A Wonderful Old Layered Kotatsushiki: Recycled Happi Coats

$555.00 USD

early to mid twentieth century
54 1/2" x 51", 138.5 cm x 129.5 cm

This visually interesting hearth-related textile is beautiful for its use of recycled happi a kind of jacket worn as a uniform and often emblazoned with bold, resist dyed images. In the case of the happi that were recycled to create the surface of this kotatsugake or kotatsushiki we can see geometric blocks of angular lines that are stylized kanji or Chinese characters.

In real life this textile does not easily not show the wear patterns that can be seen on the  lead photo here: this tonal contrast is a result of the camera and its lens. The photographed image was difficult to manipulate to show as the textile appears in person--which is a much clearer field showing less wear.

But as this detail was not easily seen by the naked eye the photographs that heighten it actually tell a valuable story.

Often these types of layered, square-shaped large textiles were used under or over a kotatsu which is a table that is internally heated by a brazier. More often than not these textiles are referred to as kotatsugake which means the textile was draped over the kotatsu table.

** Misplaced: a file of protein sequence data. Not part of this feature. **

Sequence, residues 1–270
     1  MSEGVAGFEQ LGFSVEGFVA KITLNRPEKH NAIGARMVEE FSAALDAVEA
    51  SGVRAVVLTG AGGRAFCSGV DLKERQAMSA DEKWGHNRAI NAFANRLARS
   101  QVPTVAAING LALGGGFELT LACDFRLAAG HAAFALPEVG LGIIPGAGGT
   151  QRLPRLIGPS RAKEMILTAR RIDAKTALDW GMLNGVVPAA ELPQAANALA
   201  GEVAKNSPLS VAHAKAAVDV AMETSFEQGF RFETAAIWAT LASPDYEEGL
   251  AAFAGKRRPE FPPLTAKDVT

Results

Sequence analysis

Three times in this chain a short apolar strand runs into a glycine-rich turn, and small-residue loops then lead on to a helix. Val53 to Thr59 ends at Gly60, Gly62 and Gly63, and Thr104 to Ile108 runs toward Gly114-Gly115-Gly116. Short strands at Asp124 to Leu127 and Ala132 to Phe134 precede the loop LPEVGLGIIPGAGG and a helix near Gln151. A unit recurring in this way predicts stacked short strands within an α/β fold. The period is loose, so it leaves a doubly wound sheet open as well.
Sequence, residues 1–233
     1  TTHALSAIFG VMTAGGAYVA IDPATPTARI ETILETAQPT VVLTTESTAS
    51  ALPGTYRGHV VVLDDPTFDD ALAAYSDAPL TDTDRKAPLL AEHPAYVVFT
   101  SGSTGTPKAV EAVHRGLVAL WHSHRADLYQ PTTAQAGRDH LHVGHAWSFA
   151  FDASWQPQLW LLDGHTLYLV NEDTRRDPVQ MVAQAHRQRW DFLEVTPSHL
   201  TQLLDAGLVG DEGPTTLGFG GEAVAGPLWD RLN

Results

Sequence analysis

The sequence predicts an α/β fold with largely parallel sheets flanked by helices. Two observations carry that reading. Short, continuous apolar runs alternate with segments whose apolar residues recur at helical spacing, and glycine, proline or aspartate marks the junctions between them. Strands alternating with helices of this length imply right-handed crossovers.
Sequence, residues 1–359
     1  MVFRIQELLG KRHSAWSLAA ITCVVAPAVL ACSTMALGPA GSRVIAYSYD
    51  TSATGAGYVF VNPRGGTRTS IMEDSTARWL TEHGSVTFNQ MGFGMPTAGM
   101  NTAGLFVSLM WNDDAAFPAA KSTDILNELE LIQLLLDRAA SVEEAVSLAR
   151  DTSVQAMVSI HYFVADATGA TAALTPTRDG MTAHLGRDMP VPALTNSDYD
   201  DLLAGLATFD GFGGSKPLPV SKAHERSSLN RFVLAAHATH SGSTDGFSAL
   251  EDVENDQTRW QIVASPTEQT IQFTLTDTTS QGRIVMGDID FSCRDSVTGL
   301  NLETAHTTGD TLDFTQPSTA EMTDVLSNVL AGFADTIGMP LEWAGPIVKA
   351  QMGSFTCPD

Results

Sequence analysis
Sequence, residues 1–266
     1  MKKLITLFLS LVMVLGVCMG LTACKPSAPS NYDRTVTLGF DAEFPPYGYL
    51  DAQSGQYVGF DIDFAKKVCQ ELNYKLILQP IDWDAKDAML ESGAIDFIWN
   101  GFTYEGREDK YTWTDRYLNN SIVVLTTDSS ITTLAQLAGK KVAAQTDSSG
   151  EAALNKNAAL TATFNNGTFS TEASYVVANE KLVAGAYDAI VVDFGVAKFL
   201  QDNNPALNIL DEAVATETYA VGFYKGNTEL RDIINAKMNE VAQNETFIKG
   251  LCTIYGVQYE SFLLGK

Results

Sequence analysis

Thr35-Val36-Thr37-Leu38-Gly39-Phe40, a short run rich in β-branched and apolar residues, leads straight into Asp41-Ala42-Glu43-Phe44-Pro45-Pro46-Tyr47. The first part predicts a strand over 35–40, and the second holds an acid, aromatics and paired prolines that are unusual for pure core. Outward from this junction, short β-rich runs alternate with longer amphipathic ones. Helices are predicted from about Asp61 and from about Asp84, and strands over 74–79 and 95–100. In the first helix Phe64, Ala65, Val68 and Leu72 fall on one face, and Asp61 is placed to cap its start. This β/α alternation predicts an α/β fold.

By looking at the wear patterns that the camera captured we can see evidence of the repeated wear of four bodies who sat around the kotatsu. This important detail informs us that this is a kotatsushiki or a heavy cloth used under the kotatsu, not on top.

Families would sit around the kotatsu for warmth: they would scoot their legs under the draped cloth in order to feel the heat generated by the source. We see traces of a family here.

Which is not to say this is the most interesting aspect of the kotatsushiki even though this evidence adds to our understanding of the cloth. The configuration of the happi fragments, their wear, their age and the contrasting banding that finishes the square of recycled cloth is a visual treat.

And then there is the back which is a totally different visual tale. Note the subtle repairs, the slight contrast in shade between pieces of cotton, the lone, plaid patch at the top.

Thrilling stuff when it comes to Japanese folk textiles.

More could be written on this but aside from the fact that it is a hearth textile that is about two layers thick and can be used as an area rug, a throw or displayed as art this is a marvelous artifact from Japan with a tremendously soulful story.

Very recommended.